By Maya Cantu
In the first half of the twentieth century, the Hungarian playwright Ferenc Molnár rose to international acclaim with his cosmopolitan fairy tales for adults. Molnár's plays inventively blended romantic fantasy and sardonic wit; pointed social satire and polished theatricality. Best known today for the mystical folk play Liliom (1922; the basis of the classic musical Carousel) and the sophisticated comedy The Guardsman, Molnár was immensely prolific as a journalist, short story writer, novelist, and the author of forty-two plays, many of which were performed widely throughout Europe and America.
Born as Ferenc Neumann on January 12, 1878, to a middle-class Hungarian-Jewish family, Molnár grew up amid the elegant milieu of Habsburg-era Budapest. Abandoning his early legal studies at the city's Royal College of Science, Molnár set his sights on a career in journalism. He quickly established himself as one of Hungary's most distinguished newspapermen, as well as a fixture of Budapest's vibrant café life. The writer achieved international fame in 1907, with the publication of A Pál utcai fiúk (The Paul Street Boys), his classic novel of Budapest street gangs, as well as the sensational success of his play Az ördög (The Devil). A risqué supernatural comedy of intrigue, the play had four simultaneous productions in New York City alone.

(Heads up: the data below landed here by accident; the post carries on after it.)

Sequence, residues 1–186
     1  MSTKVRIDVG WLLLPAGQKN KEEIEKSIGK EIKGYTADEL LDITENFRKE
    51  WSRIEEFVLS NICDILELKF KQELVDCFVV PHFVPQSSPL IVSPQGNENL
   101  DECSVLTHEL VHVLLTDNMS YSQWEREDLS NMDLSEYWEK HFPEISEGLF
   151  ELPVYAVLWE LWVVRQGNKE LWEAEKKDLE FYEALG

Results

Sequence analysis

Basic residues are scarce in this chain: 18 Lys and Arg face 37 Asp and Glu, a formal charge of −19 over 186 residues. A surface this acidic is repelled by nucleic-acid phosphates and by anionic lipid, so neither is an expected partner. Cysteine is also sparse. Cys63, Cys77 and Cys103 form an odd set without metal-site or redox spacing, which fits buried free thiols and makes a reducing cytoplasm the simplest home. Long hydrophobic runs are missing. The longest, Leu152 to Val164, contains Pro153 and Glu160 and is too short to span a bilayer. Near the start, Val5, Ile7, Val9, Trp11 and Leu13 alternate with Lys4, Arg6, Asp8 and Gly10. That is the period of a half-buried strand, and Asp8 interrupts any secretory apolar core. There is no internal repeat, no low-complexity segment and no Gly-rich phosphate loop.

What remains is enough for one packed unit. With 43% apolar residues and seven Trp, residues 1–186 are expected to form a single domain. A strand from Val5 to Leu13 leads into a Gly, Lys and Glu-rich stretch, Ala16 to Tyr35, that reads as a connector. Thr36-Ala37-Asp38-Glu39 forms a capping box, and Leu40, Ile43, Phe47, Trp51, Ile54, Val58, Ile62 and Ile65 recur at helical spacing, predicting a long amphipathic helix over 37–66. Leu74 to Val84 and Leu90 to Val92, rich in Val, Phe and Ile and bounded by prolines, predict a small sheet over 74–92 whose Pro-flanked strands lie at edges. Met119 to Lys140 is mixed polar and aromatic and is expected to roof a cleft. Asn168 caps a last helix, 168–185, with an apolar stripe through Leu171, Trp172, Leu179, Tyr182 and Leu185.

Molnár's theatrical career flourished throughout the next decade. The Hungarian premieres of Liliom (1909), A Testőr (The Guardsman, 1910)) and A Farkas (The Tale of the Wolf; 1912) were followed by productions of these plays in Vienna, Berlin, and Paris, among other European cities. The onset of World War I turned Molnar's efforts toward war correspondence. Despite Austria-Hungary's status as an enemy of the Allies, Molnár's balanced and humane observations of the war earned the distinction of publication in The New York Times.
Following WWI, Molnár earned both popular affection and critical renown as "the best-known living Continental playwright in America" (The Brooklyn Daily Eagle). In 1921, Liliom marked a monumental success for the Theatre Guild, who also mounted the legendary 1924 production of The Guardsman, a comedy of marital roleplaying starring Alfred Lunt and Lynn Fontanne.
While stage productions (as well as many Hollywood film adaptations) of Molnár plays appeared regularly into the 1930s, the rise of Nazism impelled the playwright's 1940 emigration to the United States, where he lived in a room at New York's Plaza Hotel. Sobered by the horrors of two World Wars, Molnár's later plays are characterized by their darker, disenchanted tone. Still a theatrical institution in America and Europe (though banned in Communist Hungary), the playwright died after a long illness in New York in 1952, survived by his third wife, actress Lili Darvas.
Over half a century later, the writer of plays designed with "romantic imagination and colorful sophistication" (Associated Press), and crafted with "virtuoso skill" (The New York Times), Ferenc Molnár elegantly returns to the stage with Fashions for Men.
Mint Theater is proud to offer New York theatergoers Ferenc Molnár's FASHIONS FOR MEN—an elegant blend of European sophistication and sentiment, beautifully tailored by master craftsman. Returning to the Mint to helm our production will be Davis McCallum; last year Davis directed our Drama Desk Award-nominated production of LONDON WALL.
Visit the Mint Theater’s Web site: http://minttheater.org/currentproduction.php